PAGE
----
They go on to address what the legislature has said they truly want to do, which is to control the Courts. They write: “Some legislators supporting the amendment say openly that they want to "control" the courts. What does that mean? It means a legislative takeover of the judiciary. We are compelled to speak out and say, "No”.” Stephen Merrill was Governor of New Hampshire from 1993 to 1997, and is a former New Hampshire Attorney General. Honorable Joseph Nadeau is a retired justice of the New Hampshire Supreme Court. These are people that understand the issues facing our Court system in New Hampshire as they have spent their lives actively participating in it.

            Over the past few years, our clients here at Parnell & McKay continue to be frustrated by the time they have to wait to get their case heard, and the difficulty in getting an efficient resolution. Allowing the legislature to wrest control of the Court system in New Hampshire away from the courts themselves is an extremely risky proposition, as former Chief Justice of the New Hampshire Supreme Court, and current Dean of the UNH Law School, states in this article opposing the statute. In fact, former Chief Justice Broderick calls it a “very dangerous thing”.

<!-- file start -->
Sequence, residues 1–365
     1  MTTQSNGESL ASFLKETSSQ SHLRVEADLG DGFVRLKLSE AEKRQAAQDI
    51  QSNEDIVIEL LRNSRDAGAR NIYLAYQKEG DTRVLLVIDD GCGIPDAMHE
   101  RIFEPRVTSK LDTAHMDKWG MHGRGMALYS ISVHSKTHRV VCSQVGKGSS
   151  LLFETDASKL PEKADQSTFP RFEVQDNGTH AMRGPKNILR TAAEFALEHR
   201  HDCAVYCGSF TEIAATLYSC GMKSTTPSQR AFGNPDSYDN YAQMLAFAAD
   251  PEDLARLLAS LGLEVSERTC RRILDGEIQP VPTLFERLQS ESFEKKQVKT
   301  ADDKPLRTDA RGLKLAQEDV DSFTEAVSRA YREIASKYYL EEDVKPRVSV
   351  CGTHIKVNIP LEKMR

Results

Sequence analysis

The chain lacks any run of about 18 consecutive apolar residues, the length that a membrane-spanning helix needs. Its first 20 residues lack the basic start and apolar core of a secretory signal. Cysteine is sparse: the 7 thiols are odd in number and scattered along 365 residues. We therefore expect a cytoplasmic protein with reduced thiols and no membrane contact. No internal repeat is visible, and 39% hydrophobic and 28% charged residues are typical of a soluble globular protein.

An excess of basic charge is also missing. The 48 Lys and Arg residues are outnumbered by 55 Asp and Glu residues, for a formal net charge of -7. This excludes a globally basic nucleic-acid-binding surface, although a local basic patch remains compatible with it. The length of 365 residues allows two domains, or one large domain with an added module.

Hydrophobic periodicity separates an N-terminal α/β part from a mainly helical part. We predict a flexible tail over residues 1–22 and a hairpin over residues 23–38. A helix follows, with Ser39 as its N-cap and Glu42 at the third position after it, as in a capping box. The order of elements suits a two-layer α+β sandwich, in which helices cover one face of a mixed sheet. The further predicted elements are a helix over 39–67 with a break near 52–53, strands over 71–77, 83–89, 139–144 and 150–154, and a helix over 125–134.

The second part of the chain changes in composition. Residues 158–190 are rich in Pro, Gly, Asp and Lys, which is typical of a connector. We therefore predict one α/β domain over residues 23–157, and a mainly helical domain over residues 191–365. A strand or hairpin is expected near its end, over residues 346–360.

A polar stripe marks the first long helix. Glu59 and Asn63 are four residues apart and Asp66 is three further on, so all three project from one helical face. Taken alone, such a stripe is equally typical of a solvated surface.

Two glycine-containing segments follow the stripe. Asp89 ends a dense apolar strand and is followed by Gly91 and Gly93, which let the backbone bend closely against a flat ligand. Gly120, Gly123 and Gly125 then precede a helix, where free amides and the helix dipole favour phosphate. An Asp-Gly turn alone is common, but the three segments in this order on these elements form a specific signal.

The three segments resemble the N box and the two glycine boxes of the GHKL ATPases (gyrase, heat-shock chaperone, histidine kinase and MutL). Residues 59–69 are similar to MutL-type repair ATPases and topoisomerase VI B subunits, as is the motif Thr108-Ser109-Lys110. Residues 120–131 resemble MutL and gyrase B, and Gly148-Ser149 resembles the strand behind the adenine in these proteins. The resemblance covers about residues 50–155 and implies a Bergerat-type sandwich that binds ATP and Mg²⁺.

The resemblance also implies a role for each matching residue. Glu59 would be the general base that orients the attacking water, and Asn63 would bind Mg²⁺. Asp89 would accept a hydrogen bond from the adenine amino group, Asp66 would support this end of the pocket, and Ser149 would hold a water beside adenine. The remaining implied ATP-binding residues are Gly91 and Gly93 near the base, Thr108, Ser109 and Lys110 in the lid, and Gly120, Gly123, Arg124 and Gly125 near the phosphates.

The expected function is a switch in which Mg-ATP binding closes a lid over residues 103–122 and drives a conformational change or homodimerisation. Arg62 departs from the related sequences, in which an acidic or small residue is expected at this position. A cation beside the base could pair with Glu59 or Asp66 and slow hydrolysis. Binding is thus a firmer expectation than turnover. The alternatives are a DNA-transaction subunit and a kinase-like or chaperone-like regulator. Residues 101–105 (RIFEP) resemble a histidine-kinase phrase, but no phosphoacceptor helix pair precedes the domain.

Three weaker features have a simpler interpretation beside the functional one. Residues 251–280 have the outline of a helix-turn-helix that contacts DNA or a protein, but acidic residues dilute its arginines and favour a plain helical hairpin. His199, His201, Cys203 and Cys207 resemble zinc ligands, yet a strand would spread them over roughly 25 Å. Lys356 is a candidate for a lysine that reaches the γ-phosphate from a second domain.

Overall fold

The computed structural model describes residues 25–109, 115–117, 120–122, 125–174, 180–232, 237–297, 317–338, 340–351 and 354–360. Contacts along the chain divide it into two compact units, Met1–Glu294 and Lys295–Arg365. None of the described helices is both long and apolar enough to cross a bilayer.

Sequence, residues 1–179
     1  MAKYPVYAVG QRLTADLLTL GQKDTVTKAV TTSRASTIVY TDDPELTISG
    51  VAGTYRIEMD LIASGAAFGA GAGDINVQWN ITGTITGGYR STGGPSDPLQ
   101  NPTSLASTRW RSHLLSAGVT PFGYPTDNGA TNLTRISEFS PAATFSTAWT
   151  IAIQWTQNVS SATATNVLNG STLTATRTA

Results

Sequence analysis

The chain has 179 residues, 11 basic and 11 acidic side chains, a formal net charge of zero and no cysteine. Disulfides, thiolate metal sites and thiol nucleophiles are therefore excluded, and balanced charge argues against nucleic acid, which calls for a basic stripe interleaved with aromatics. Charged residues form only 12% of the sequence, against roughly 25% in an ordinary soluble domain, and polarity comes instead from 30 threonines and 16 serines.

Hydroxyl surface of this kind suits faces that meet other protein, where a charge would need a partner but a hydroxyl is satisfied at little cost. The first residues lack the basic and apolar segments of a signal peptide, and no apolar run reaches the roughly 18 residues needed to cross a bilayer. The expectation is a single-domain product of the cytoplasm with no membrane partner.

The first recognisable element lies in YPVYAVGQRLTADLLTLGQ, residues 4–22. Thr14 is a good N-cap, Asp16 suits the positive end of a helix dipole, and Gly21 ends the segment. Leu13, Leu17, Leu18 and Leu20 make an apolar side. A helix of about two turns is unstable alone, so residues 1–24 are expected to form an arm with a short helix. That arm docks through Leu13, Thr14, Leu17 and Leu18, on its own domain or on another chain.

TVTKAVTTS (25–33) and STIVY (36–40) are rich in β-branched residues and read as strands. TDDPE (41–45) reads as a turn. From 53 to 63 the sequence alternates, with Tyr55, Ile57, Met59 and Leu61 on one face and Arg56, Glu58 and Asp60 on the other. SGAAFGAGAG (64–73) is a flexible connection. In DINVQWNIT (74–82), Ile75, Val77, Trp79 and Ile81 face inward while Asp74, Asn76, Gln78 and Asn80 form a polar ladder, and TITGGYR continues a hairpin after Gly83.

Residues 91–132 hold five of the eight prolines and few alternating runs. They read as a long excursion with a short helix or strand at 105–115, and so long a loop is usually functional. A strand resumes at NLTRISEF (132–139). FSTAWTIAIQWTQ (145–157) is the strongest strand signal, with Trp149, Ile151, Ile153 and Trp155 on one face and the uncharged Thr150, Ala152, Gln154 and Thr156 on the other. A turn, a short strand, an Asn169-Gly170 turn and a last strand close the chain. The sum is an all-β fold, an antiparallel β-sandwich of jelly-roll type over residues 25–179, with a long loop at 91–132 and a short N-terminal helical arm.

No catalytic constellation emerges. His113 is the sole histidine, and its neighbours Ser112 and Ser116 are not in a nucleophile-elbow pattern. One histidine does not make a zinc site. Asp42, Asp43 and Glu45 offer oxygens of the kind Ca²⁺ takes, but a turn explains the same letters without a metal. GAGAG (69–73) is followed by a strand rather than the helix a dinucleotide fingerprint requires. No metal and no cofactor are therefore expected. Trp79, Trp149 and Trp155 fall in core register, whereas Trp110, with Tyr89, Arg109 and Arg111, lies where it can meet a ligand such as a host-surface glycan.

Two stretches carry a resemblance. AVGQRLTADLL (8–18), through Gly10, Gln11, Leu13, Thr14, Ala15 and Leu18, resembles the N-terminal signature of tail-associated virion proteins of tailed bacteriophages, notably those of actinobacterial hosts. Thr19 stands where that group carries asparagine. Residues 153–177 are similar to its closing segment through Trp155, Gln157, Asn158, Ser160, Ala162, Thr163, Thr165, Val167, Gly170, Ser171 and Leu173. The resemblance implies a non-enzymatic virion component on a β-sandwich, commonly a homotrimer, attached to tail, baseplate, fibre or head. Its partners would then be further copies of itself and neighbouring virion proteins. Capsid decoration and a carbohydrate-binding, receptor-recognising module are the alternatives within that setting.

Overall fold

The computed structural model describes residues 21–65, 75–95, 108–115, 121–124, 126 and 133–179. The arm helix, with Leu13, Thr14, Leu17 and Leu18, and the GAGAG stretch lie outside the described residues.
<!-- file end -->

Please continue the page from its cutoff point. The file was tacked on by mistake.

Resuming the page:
After navigating the Court systems of New Hampshire for over thirty years, we at Parnell & McKay understand the significant danger to the citizens of New Hampshire in allowing the legislature to control our Courts. We come out in opposition of Question 2, and hope the other voters of New Hampshire vote “No” on Question 2 as well.